How Does the Work Opportunity Tax Credit Work?
The Work Opportunity Tax Credit (WOTC) program is a federal tax credit available to employers if they hire individuals from specific targeted groups. The employee groups are those that have had significant barriers to employment.
The work opportunity credit has been extended to cover certain individuals who began working for a company in 2020, specifically qualified long-term employment recipients.
The tax credit is based on three factors:
- The category of workers hired
- The wages paid to those workers in their first year of work, and
- The hours they work
The program is in place for individuals who began work or will begin work after December 31, 2014, and before January 1, 2021.
What Types of Workers Qualify for WOTC?
Let's say your business is hiring. The first thing you need to do is determine if a worker you are hiring fits into one of the specific categories that qualify you for the work opportunity tax credit. The categories of workers you can hire to qualify for the work opportunity tax credit are:
- TANF Recipients (Long-Term Temporary Assistance for Needy Families)
- SNAP (Food Stamp) Recipients
- Designated Community Residents (living in Empowerment Zones or Rural Renewal Counties).
- Vocational Rehabilitation Referral
- Supplemental Security Income (SSI) Recipients
- Summer Youth Employee (living in Empowerment Zones)
- Long-Term Familly Assistance Recipients
- Qualified Long-Term Unemployment Recipients
In addition to the general qualification, there are specific qualifications within each category. This Dept. of Labor Work Opportunity Tax Credit Eligibility Chart includes details.
How to Qualify the Worker
During the hiring process, on or before the employee begins work, there are two forms you and the applicant must complete. If you don't complete the forms during the hiring process, you won't be able to get the tax credit.
First, you and the applicant must complete IRS Form 8850, the IRS pre-screening form.
- When the job offer is made, the applicant completes the first page showing their eligibility.
- When the applicant is hired, you as the employer complete the second page giving your information and information on the hire.
Don't file form 8850 with the IRS. Instead, file with your state workforce agency of your state no later than the 28th calendar day after the person begins working for you. Here's a list of state workforce agencies.
Second, you and the applicant must complete Department of Labor Form 9061. The applicant completes the form and you as the employer verify the documents the person submits as verification. (Some applicants may have already completed Conditional Certification DOL Form 9062 instead.)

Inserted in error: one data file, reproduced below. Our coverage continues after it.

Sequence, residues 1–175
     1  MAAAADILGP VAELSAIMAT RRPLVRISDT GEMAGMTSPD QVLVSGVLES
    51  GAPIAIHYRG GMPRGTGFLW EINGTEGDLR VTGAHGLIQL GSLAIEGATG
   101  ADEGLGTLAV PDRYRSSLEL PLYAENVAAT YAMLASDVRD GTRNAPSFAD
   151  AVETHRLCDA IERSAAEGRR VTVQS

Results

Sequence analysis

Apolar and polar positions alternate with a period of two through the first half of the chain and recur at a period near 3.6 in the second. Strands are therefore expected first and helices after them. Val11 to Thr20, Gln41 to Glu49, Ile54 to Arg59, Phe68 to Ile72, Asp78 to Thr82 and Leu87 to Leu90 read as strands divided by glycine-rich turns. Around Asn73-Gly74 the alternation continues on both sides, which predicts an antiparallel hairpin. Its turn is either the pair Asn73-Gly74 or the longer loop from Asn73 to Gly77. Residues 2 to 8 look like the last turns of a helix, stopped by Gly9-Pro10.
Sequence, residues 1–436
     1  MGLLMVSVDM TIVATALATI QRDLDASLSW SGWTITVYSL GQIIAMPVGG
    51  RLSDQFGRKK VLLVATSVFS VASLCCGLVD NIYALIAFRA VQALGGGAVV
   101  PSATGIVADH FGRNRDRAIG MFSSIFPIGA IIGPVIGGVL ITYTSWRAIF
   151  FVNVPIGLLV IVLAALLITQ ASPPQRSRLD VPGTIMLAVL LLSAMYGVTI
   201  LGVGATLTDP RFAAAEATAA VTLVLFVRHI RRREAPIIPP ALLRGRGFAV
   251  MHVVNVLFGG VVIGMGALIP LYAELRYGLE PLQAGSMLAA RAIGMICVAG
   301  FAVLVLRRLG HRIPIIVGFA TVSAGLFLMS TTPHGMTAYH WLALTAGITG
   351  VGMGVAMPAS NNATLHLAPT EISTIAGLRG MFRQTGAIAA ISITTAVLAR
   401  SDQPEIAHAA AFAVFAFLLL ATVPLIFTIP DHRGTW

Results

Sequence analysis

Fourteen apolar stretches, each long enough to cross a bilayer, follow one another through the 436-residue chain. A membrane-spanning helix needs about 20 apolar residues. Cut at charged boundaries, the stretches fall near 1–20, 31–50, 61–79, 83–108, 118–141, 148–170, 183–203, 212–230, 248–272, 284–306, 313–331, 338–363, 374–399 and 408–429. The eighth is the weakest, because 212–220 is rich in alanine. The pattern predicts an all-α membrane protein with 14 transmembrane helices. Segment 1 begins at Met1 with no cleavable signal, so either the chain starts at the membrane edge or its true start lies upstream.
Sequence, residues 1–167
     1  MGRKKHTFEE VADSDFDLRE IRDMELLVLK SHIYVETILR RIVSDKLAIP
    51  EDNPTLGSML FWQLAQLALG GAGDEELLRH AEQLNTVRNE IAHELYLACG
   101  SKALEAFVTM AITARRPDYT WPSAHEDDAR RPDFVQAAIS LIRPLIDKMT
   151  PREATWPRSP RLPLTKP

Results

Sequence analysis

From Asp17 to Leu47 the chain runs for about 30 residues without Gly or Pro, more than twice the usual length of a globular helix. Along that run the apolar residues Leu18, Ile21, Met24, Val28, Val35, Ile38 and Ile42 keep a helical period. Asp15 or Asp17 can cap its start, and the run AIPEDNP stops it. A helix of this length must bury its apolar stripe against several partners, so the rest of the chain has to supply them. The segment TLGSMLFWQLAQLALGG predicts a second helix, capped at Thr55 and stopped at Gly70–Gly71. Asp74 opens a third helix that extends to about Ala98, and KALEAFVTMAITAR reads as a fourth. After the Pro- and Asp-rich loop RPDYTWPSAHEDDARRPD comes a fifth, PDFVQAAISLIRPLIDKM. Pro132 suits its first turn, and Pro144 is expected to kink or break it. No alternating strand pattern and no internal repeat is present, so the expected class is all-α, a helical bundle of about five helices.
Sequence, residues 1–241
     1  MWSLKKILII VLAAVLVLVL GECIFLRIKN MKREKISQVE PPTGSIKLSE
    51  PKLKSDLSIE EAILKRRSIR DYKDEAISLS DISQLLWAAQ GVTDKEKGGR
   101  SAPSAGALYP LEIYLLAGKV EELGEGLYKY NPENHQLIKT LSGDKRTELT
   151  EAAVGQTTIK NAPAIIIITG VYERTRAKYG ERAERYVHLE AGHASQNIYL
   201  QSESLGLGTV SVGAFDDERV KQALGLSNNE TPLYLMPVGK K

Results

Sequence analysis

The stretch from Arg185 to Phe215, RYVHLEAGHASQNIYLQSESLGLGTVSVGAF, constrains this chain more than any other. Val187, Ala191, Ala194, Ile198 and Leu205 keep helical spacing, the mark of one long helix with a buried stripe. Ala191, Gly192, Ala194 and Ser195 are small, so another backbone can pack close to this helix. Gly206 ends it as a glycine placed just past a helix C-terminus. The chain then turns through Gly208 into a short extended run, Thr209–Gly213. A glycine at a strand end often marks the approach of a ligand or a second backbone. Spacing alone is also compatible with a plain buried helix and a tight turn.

As soon as the worker is hired, you must submit these two forms to your state workforce agency (or state employment agency) for a determination on the eligibility of this worker for WOTC credit. You will receive a determination letter from this agency giving you the worker's eligibility status.
Which Employees Are Not Eligible?
Even if they might otherwise make your business eligible for the tax credit, you can't get the tax credit for hiring
- Your relatives or dependents, including children, stepchildren, spouse, parents, siblings, step-siblings, nephews, nieces, uncles, aunts, cousins, or in-laws
- Majority owners of your business
Wages Counted for the Tax Credit
Now that you have hired employees who make your business eligible for the tax credit, the next step is determining the amount of wages for the tax credit for each eligible employee. The wages must be paid in the first year of employment, so you will have to wait until you have one year's pay to make the application for the tax credit to the IRS.
You can include all payments made to the employee in that year, with these details:
- The wages must be wages on which your business has paid Federal Unemployment (FUTA) tax, and
- They must actually have been paid by your business directly. Wages subsidized by another party or indirectly paid through your business don't count toward the WOTC.
Hours Worked and the Maximum Work Opportunity Tax Credit
Next, it gets a little more complicated when figuring the hours worked and the amount of the tax credit. The amounts differ depending on the category of the employee.
The employee must have worked 120 hours or more during the year. Then, your business can earn 25% of the wages if the employee works at least 120 hours and 40% if the employee works at least 400 hours. There are maximum hours for each category.
Filing for the Work Opportunity Tax Credit
After the worker is hired, and you have received the letter from your state's workforce agency showing that the worker qualifies, you can claim the tax credit by completing and submitting IRS Form 5884 with your business tax return. For this form, you will add up all the wages of qualified workers, depending on their hours worked and their category, and multiply these amounts by the number of hours worked during the year and the appropriate percentages (as described above).
Tax credits are complicated and the tax laws change frequently. Get help from your tax professional before you apply for the credit.
IRS. "Instructions for Form 8850 Pre-Screening Notice and Certification Request for the Work Opportunity Credit." Accessed Aug. 17, 2020.
IRS. "Work Opportunity Tax Credit." Accessed Aug. 17, 2020.
Cornell Legal Information Institute. "Federal Unemployment Tax Act Section 51." Accessed Aug. 18, 2020.
IRS. "Instructions for Form 5884 For Use with the December 2016 Revision of Form 4885, Work Opportunity Credit." Page 1. Accessed Aug. 18, 2020.
Congressional Research Service. "The Work Opportunity Tax Credit." Page 2. Accessed Aug. 18, 2020.
IRS. "Instructions for Form 5884 For Use with the December 2016 Revision of Form 4885, Work Opportunity Credit." Page 2. Accessed Aug. 18, 2020.